In his last chapter, Carlson examines Gower's poetry after the accomplishment of Henry's coup. Since so much of Gower criticism focuses on the Confessio Amantis and the first book of the Vox Clamantis (the Visio Anglie), much of the political interest in Gower has concerned the 1380s and 1390s; Carlson's investigation of Gower's last writing is extraordinary. The best-known work of this period is the poem usually referred to as "In Praise of Peace," Gower's only English poem other than the Confessio Amantis. Carlson produces a very thoughtful reading of this poem, focusing on its panegyric qualities, including its "appearance of criticism" (205). He reads Gower's emphasis on peace as "only a species of order" (206), and a "gift" to be given to England from Henry. His emphasis on "control" provides his most convincing approach to the poetic values brought to the political situation, the production in language of justifications for expediency. He argues that Gower's subtle criticisms, by being criticisms of a king, work primarily to reinforce Henry's legitimacy and shore up its generally panegyric form. Carlson then moves to Gower's emendations to earlier verse, emendations that Carlson is able to date convincingly to this late period. These include "Rex deus celi" (which reworks for Henry a passage of the Vox Clamantis about Richard), as well as revisions of the Cronica and the Vox itself. Here, he is able to suggest a real change in Gower's relationship to Henry, and dates it to Henry's 1405 execution of Archbishop of York Richard Scrope in the wake of the Percy rebellion. He tracks a "withdrawal of support" (222) that is completely indiscernible to the reader of Gower's texts as they appear in modern editions, but which is both convincing and revelatory. By opening a window onto a little- understood period of Gower's life, Carlson complicates our understanding of Gower's political notions and affinities, and his modes of managing his public poetry.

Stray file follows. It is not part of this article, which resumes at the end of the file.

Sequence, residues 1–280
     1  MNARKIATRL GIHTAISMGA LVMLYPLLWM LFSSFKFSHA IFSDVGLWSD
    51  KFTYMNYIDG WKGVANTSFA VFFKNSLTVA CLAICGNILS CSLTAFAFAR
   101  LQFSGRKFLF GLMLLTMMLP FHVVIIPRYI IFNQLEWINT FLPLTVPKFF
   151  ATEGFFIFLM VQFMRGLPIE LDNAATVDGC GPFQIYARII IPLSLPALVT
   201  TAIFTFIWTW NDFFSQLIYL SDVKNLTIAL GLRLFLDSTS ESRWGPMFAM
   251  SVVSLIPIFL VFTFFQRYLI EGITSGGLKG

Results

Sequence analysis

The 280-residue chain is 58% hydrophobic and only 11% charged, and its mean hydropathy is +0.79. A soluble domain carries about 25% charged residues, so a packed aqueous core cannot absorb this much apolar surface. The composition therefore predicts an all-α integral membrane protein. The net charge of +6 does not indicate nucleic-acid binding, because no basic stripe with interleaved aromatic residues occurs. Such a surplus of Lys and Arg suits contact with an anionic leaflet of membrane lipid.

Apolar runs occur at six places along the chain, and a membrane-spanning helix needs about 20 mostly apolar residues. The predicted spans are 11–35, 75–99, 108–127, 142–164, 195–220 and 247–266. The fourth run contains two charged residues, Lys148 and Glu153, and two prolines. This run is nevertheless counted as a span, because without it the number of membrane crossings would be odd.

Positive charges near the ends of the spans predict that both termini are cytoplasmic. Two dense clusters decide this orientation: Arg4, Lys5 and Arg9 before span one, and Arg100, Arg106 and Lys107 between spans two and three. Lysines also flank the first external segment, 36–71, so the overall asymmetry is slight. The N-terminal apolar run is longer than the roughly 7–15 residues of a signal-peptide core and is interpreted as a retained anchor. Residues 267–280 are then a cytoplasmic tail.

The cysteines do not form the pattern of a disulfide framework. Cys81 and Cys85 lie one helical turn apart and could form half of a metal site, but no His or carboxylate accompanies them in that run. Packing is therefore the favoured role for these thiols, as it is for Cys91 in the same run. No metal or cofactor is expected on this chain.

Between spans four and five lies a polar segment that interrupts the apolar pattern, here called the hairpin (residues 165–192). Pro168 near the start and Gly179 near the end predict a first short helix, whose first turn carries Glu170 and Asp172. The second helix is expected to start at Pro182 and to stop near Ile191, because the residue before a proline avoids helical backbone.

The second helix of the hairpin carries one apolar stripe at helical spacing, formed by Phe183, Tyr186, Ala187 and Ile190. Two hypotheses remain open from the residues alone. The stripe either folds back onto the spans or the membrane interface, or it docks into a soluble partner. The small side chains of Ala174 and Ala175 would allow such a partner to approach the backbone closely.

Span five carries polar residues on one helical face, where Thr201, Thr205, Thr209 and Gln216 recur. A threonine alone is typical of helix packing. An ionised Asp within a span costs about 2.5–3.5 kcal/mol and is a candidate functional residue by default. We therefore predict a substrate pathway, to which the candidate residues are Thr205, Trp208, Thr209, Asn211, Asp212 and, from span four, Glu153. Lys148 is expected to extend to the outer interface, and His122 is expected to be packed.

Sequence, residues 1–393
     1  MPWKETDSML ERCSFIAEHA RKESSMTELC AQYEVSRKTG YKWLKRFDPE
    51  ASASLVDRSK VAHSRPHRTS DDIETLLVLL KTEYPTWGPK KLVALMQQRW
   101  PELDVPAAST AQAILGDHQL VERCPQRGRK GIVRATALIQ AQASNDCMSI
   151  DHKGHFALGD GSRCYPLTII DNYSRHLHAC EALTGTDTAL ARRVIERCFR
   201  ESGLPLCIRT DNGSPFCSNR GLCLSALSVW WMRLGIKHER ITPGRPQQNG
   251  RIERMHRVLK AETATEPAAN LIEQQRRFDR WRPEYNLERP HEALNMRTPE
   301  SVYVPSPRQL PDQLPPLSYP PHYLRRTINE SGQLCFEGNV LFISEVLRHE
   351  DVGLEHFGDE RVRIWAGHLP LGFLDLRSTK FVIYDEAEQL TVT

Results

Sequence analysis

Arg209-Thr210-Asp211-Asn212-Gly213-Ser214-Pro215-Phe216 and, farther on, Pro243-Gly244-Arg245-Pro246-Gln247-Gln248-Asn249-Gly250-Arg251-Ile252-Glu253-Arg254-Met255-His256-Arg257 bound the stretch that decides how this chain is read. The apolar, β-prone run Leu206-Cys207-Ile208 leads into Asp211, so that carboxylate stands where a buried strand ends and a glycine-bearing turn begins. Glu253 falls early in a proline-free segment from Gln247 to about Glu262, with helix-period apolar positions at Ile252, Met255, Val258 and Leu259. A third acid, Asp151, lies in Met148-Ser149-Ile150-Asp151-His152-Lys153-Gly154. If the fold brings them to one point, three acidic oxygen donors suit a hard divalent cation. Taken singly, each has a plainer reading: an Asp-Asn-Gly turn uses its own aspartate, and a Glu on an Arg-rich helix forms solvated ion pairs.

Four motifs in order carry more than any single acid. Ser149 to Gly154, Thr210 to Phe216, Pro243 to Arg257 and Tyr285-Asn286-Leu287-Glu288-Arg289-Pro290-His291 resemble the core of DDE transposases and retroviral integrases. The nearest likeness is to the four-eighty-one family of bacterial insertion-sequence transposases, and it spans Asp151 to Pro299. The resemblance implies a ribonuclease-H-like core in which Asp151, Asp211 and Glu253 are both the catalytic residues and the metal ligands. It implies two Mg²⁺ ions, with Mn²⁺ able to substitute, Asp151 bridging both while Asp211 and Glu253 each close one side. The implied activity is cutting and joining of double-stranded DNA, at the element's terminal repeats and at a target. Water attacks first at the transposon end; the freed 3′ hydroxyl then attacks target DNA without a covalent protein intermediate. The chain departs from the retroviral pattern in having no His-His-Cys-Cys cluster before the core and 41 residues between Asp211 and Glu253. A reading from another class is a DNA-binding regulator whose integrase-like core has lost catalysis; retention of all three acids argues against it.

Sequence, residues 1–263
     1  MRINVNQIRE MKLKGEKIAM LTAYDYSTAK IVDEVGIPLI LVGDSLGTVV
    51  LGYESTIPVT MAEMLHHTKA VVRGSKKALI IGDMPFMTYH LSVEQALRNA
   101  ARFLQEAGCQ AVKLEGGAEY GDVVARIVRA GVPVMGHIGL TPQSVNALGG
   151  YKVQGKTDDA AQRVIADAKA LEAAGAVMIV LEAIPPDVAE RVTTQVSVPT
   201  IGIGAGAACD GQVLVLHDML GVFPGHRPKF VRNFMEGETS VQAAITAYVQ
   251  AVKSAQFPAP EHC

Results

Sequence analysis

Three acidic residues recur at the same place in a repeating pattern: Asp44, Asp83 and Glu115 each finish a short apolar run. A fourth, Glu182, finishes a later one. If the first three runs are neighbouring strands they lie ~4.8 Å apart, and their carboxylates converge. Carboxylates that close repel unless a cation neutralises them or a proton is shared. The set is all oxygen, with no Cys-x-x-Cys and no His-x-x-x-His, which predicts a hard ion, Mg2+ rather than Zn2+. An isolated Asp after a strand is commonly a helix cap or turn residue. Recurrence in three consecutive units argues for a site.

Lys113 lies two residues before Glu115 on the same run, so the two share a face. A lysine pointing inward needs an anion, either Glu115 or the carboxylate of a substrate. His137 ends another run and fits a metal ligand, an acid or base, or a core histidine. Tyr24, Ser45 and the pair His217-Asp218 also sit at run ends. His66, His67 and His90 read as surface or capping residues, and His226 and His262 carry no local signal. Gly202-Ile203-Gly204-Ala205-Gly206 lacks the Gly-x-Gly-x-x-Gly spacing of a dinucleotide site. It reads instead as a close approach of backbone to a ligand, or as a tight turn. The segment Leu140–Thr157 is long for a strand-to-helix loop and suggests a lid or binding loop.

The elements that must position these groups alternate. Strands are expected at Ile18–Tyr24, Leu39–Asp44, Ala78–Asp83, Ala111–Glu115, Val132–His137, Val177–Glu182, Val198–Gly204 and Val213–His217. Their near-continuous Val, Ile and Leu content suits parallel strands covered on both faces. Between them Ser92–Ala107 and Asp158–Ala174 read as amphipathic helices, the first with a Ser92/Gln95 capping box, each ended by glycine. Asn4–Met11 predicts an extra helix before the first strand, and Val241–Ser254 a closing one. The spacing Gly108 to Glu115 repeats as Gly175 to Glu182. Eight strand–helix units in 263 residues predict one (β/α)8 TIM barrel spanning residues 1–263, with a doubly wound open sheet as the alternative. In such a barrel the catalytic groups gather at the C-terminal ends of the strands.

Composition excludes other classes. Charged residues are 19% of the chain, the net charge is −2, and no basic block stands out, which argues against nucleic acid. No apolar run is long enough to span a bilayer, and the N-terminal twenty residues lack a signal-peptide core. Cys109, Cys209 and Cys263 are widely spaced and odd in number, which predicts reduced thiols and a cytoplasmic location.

Carlson calls poets "promiscuous tools" (6), and his book does an excellent job exploring the many ways in which a state might use them. Like Paul Strohm in England's Empty Throne, Carlson usefully "employs literary hermeneutics in pursuit of historical understanding," [5] but rather than focusing solely on the Lancastrian use of literature, convincingly establishes state-sponsored poetry as an English literary tradition. This book will be invaluable for Gower scholars, but should be of interest to everyone interested in the relationship of literature and politics in late medieval England. --------


1. John H. Fisher, John Gower: Moral Philosopher and Friend of Chaucer (New York: New York University Press, 1964), 133.

2. Frank Grady, "The Lancastrian Gower and the Limits of Exemplarity," Speculum 70 (1995): 552-575, 556. Cf. his "Generation of 1399," in The Letter of the Law: Legal Practice and Literary Production in Medieval England, ed. Emily Steiner and Candace Barrington (Ithaca, NY: Cornell University Press, 2002), 202- 229, and Paul Strohm, England's Empty Throne: Usurpation and the Language of Legitimation, 1399-1422 (New Haven: Yale University Press, 1998), 1-31.

3. David R. Carlson, ed., The Deposition of Richard II: The Record and Process of the Renunciation and Deposition of Richard II (1399) and Related Writings (Toronto: Pontifical Institute of Medieval Studies, 2007), and John Gower: Poems on Contemporary Events: The Visio Anglie (1381) and Cronica Tripertita (1400) with a verse translation by A.G. Rigg (Toronto: Pontifical Institute of Medieval Studies, and Oxford: Bodleian Library, 2011).

4. Wendy Scase, Literature and Complaint in England, 1272-1553 (Oxford: Oxford University Press, 2007).

5. Strohm, England's Empty Throne, xii.